Derek Davis : Vocals
Craig DeFalco : Guitar, Background Vocals
Mike Malone : Piano, Harmonica
Brian Fox : Drums
Michael Norton : Bass
01 Mississippi Delta Blues
02 Warm Beer Catfish Stew
03 The Devil’s Road
04 Fortunate Son
05 The Last Song
06 Mama’s Kitchen Brew
07 Southern Blood
08 Turn Me Around
09 Fade Away
10 The American Train
A nice surprise this Moonshine from South Carolina. This album will remind us a lot of good moments, back at the beginning of the 90's with a great southern album in 1998, XX. This band changed his name, one year later, in Laidlaw, from Tommy Laidlaw on vocals, and gave a heavy album in 1999 called "First Big Picnic", with the honkette Dale Krantz-Rossington and Carol Chase on guests on one song. They came back in 2003 on the album "Laidlow" with the magnificent "Ode to Ronnie", before the last album in 2006 "The Foam Box Sessions". And here they are in 2014, just a kind of resurrection with their original name Moonshine, for ten great songs and the two musical genius Buzzy James on slide guitar and Craig DeFalco on guitar, with bassist Michael Norton. Three new musicians are present (Derek Davis on vocals, Brian Fox on drums and Mike Malone on harmonica and piano).
The album begins with "Mississippi Delta Blues", a kind of southern boogie from the swamps, heavy, dirty with full parts of slide guitar. Still in the swamps on "Warm Beer Catfish Stew", a song from 1998'sXX and 1999's first Big Picnic, and on "The Devil's Road". Then arrives CCR "Fortunate Son", just before "The Last Song" a classical and beautiful song with Buzzy James slide guitar on top. We get three "quiet" songs before an extraordinary Skynyrd style "Fade Away" with beautiful piano and slide guitar parts, just before the heavy "The American Train" that closes the album, a real musical tornado.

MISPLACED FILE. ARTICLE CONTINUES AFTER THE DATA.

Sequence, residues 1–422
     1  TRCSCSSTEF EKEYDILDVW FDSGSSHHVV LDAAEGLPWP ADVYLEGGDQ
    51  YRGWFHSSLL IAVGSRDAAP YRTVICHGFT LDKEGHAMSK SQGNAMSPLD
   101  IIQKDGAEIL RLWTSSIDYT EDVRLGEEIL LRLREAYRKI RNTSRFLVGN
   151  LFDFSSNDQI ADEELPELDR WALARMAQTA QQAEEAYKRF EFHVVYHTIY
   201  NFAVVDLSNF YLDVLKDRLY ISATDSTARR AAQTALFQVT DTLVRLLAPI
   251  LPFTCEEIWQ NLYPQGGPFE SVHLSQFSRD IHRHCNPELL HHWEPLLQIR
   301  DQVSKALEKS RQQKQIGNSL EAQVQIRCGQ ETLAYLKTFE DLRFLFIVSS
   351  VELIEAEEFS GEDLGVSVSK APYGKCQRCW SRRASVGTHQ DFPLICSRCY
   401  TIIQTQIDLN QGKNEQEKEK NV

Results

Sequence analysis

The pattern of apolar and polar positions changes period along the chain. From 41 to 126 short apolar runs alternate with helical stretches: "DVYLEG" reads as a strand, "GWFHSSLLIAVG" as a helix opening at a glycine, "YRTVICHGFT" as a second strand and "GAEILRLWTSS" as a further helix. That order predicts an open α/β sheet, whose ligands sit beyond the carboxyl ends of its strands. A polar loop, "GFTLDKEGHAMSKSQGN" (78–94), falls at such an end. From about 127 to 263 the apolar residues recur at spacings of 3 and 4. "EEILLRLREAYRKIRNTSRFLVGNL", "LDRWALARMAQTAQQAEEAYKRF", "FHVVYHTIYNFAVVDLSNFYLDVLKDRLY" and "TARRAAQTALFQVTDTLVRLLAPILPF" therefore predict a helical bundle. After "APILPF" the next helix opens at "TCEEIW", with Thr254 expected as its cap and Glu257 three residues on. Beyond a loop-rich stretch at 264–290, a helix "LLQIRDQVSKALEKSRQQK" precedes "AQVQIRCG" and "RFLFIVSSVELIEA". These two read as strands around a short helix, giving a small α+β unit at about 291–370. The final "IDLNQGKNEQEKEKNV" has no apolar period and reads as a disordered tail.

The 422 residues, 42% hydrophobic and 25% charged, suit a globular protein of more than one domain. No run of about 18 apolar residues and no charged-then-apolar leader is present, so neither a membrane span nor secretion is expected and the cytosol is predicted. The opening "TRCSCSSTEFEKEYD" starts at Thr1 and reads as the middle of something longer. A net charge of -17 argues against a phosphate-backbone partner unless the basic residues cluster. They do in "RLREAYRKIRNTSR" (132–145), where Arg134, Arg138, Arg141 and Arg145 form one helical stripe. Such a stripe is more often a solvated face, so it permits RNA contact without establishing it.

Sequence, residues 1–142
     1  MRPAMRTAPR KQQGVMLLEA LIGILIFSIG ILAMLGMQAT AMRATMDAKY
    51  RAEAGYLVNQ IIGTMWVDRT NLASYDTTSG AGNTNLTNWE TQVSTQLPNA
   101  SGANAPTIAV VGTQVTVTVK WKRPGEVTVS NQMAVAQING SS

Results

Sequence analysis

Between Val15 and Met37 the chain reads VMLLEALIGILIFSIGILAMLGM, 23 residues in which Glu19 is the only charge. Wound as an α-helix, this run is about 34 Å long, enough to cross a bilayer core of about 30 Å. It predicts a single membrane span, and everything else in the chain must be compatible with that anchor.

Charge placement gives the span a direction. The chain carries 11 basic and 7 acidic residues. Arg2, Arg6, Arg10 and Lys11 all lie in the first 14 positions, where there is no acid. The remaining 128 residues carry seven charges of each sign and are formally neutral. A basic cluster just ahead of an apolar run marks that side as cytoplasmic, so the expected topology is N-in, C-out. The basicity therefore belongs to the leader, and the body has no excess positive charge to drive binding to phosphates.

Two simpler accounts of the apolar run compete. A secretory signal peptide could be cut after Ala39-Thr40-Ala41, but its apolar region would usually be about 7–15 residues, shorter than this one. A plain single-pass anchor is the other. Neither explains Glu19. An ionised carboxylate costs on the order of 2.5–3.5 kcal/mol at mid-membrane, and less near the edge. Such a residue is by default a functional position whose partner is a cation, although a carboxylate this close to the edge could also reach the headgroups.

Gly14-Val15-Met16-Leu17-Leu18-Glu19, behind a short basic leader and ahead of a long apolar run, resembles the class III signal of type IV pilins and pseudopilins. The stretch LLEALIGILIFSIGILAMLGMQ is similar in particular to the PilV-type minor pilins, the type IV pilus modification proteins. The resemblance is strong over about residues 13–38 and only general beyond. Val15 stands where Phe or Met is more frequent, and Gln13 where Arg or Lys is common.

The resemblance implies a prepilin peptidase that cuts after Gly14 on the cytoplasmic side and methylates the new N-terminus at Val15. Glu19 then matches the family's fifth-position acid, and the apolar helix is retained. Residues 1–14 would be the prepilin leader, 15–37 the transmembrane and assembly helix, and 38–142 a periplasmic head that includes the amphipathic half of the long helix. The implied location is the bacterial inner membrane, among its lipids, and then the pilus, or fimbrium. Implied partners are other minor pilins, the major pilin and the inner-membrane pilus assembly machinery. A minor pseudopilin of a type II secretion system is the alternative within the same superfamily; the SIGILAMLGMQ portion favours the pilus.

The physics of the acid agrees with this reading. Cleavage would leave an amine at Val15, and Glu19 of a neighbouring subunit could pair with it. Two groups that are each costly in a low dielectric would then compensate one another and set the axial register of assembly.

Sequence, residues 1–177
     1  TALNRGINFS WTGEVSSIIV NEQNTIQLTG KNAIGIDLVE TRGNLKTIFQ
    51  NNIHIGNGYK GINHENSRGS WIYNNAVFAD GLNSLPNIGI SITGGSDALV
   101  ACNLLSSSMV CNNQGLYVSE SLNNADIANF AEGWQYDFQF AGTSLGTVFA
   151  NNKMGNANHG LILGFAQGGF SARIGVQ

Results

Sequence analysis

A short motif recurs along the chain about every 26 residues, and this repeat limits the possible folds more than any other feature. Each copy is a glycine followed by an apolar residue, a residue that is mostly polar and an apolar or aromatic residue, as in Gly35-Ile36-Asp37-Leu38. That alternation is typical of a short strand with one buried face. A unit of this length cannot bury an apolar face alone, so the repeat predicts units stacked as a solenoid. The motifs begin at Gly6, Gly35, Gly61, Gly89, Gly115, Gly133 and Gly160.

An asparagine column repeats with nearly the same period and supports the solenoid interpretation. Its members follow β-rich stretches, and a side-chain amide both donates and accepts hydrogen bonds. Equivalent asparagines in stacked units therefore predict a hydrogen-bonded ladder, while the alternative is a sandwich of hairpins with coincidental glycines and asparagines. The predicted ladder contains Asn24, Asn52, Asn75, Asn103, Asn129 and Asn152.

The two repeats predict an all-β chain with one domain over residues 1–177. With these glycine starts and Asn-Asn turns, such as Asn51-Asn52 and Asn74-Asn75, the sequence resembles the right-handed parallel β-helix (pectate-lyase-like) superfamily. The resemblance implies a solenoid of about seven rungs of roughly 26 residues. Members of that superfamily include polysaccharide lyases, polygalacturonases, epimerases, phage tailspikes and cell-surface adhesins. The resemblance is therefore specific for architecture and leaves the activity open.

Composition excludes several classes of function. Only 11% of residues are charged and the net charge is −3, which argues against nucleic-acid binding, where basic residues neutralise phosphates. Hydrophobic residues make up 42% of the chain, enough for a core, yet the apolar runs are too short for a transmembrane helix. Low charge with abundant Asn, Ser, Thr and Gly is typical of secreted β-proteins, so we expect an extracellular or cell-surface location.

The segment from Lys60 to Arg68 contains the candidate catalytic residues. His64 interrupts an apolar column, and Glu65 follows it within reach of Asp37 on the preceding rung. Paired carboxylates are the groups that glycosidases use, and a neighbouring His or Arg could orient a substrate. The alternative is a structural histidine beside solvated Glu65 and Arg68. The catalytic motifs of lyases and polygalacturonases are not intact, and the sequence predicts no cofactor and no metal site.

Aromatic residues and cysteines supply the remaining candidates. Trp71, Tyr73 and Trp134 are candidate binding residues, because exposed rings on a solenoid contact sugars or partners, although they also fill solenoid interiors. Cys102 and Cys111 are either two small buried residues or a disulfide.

California has its revolution with Highway Ryders last year, and Moonshine now. Don't wait for them, just go!
Band of the new Records Company Southern Blood Records, Moonshine gives us its first album with a beautiful sleeve (tough guys and clothes from the Mason Dixie Line). That's a good point, but what about the music? Not so bad, too.
The album begins with "Mississippi Delta Blues", a fast shuffle with a crazy slide guitar and vocals in the Southern Boogie spirit. "Warm Beer Catfish Stew" has a good rhythm with its slide parts and its vocals close to the new Lynyrd Skynyrd. This song ends with the harmonica and the dobro.
"The Devil's Road" reminds us of the early Charlie Daniels and the slide solo looks like what did the unforgettable Tommy Crain. A real good song! And a real good slide!
Then our friends offer us the John Fogerty "Fortunate Son" cover, with a lot of energy and harmonica and slide solos.
"The Last Song" is an excellent Southern Funk song with great vocals and guitars in harmony. And still this slide guitar that pick our ears! "Mama Kitchen Brew" looks like the early .38 Special and the singer is close to Bubba Keith. Ad still the slide guitar...
"Southern Blood" obviously comes from the South (with dobro and harmonica) and seems to have been influenced by Charlie Daniels and the Allman Brothers Band. It's written : I'm a Dixie Man, the Last One, So when you bury me, Put a rebel flag on me!". That's for me the best song of the album.
"Turn Me Around" is a heavy tempo song close to Blackfoot with a Duane Roland slide. This has been done to be aired on radios (just like the new Lynyrd Skynyrd), not so bad but not so good.
"Fade Away" is a beautiful ballad but maybe it could have been better with better choruses. But the slide solo is like always good enough, thanks to the bottleneck!
"The American Train" is not really good, and here, there's no slide solo to save it.
So Moonshine plays Southern Rock and does it well. We can find the influences but this band has its own style... and a very good slide guitarist. Did I already tell you about him ?